As world economies begin to recover from the coronavirus pandemic, important lessons on freight cost management have been learned. Commercial shipping interests need to understand the market forces and challenges associated with freight costs as a risk management approach intended to supplement commercial marine insurance. There are several ways shippers can gain a better grip on freight costs, even as market conditions continue to evolve. In this guide, we will explore industry best practices for controlling the overhead costs associated with freight shipping. 

2021 Freight Costs

As 2021 began, ocean freight rates began to climb, reaching levels 4.5% higher than 2020 figures. Shipping index analysis firm Xeneta reported that in January alone, the global long-term contracted freight rate reached a high of 6% over January 2020 numbers. These rate increases were influenced by numerous pandemic-related factors, including:

  • Congestion in world ports.
  • Difficulties in securing containers for freight.
  • Imbalances in exports between U.S. and foreign manufacturers.
  • Fluctuating consumer demands.
  • Lack of personnel and equipment in freight-handling facilities like ports and terminals. 

While increases in freight costs may sound like a positive development for the commercial shipping industry, the rates themselves can be a symptom of supply chain interruptions. In addition, rate increases are often accompanied by other cost increases, including handling, fuel, and port expenses. Managing these costs, then, is crucial. Commercial marine insurance protects against many operational and liability risks in the shipping industry, but controlling overhead expenses is a vital element of risk management.

Industry Best Practices for Freight Cost Management

Shippers need not rely solely on commercial marine insurance to protect against risks. Taking an active role in controlling expenses can protect business assets no matter what market forces are driving freight costs. Commercial shipping interests have several options to control costs, including:

  1. Negotiating shipping at off-peak times – scheduling freight for periods such as early in the week or in the evening/night. Rates are often lower at these times to help improve balance and consistency in operations.
  2. Renegotiating rates with freight partners – for shippers that work closely with high-volume carriers or established freight partners, improving the terms of contracts such as guaranteeing volumes or locking in rates can help control costs for both the shipper and the partner.
  3. Reducing dunnage in cargo loadsdunnage, or the packaging and supportive materials used in cargo handling, takes up space. Reducing this extra volume and weight can free up space for additional cargo, ultimately reducing freight expenses.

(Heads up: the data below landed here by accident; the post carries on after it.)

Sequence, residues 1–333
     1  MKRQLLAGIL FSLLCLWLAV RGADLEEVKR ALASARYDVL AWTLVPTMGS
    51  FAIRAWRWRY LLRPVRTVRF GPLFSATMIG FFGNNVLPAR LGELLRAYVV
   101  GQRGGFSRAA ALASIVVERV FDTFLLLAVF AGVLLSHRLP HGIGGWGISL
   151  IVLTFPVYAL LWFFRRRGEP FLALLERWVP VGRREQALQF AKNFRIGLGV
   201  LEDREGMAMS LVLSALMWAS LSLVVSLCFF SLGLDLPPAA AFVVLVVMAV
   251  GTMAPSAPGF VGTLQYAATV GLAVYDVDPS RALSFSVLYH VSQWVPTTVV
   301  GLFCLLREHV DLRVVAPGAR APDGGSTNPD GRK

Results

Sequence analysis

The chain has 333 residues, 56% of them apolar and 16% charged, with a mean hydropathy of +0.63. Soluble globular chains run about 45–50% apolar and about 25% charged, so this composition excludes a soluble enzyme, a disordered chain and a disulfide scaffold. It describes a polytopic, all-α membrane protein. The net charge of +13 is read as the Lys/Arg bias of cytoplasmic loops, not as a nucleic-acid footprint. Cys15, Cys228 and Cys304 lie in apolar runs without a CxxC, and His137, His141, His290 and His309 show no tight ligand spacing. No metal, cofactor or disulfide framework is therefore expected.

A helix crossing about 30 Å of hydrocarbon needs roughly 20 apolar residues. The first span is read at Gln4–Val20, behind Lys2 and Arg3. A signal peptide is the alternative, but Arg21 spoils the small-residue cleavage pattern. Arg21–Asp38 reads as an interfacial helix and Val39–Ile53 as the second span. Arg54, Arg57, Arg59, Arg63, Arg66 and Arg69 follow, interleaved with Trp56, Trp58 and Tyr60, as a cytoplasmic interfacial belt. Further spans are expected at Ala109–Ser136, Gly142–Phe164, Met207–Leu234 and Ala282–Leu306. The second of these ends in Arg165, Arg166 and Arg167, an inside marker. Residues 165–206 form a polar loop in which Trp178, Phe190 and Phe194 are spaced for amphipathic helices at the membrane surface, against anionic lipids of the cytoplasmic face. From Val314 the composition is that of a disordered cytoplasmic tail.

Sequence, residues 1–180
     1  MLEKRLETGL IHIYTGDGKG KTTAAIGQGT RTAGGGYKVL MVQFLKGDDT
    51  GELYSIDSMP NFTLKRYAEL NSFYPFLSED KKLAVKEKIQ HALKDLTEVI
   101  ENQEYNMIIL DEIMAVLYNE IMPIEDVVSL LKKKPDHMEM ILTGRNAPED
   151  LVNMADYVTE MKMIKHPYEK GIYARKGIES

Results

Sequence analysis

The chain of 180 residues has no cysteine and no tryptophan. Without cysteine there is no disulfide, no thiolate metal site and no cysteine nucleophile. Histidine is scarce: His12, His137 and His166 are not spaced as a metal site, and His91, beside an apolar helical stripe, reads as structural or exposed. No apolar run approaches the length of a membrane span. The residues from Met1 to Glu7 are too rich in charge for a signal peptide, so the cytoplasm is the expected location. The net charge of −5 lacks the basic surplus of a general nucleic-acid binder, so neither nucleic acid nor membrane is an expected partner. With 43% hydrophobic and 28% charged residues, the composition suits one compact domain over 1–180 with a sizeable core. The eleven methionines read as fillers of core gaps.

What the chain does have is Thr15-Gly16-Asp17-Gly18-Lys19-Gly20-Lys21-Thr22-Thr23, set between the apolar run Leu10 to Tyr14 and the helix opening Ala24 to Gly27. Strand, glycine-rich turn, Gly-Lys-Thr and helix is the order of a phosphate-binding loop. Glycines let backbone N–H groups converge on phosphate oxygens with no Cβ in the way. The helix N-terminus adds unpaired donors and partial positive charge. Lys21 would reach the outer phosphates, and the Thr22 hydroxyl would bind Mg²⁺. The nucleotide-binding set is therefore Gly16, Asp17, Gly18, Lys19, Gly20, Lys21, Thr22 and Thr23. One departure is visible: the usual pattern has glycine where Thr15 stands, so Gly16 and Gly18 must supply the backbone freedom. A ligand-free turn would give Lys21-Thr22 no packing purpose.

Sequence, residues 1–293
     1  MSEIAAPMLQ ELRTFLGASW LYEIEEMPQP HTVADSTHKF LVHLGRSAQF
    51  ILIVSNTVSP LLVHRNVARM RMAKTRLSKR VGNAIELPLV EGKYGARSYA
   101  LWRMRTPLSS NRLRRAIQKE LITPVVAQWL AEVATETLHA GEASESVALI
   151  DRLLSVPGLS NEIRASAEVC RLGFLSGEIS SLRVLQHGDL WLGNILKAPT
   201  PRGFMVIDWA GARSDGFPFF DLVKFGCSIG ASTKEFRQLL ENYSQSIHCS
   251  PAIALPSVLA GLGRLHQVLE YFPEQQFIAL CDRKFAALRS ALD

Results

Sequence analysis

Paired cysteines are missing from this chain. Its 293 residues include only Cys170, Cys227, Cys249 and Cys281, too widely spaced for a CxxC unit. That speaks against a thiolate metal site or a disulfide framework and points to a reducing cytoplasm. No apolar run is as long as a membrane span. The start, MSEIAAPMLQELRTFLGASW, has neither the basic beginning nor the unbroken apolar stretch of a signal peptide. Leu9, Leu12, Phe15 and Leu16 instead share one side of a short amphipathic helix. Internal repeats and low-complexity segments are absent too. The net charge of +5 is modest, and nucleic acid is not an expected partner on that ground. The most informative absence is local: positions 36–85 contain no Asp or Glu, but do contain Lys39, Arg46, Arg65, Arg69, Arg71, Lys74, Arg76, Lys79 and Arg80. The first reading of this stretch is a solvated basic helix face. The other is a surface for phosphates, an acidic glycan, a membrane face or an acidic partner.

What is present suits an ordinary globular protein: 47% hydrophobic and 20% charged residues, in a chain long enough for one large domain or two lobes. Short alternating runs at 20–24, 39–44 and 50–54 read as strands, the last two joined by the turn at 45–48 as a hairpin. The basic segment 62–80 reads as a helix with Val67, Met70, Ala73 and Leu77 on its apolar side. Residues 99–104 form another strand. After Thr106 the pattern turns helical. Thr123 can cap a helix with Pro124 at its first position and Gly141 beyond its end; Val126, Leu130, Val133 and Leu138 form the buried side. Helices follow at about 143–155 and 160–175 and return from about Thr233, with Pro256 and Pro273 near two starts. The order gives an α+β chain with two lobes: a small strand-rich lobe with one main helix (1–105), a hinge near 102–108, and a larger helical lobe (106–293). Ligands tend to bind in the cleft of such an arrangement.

4. Explore fixed-rate shipping – many shippers and carriers operate on variable freight rates, introducing some level of unpredictability to the operation. As a solution, fixed-rate shipping can improve consistency and ultimately manage expenses better. 
  5. Reducing or eliminating less-than-load (LTL) shipments – on a cargo ship, empty space represents wasted freight expenses. One way to reduce or eliminate this wasted space is to work with load-consolidation partners or to forge contracts for full loads only. A full ship gets the most out of the costs associated with freight. 

Shippers must also invest in freight logistics tools or third-party logistics service providers to help companies better understand the procedures and patterns in the operation. This improves supply chain management and ultimately controls costs. Logistics software developments have improved the ability of shippers to manage every aspect of freight handling, from initial loading of ships to final delivery in ports around the world. These logistics tools or services also help to influence decisions that will help the shipping company over the long term. 

Commercial marine insurance is not the only risk protection available to shippers. With this insurance and by adopting best practices, shippers can control freight expenses, maximizing profits and setting the stage for success well into the future. 

About Merrimac Marine Insurance

At Merrimac Marine, we are dedicated to providing insurance for the marine industry to protect your clients’ business and assets. For more information about our products and programs, contact our specialists today at (800) 681-1998.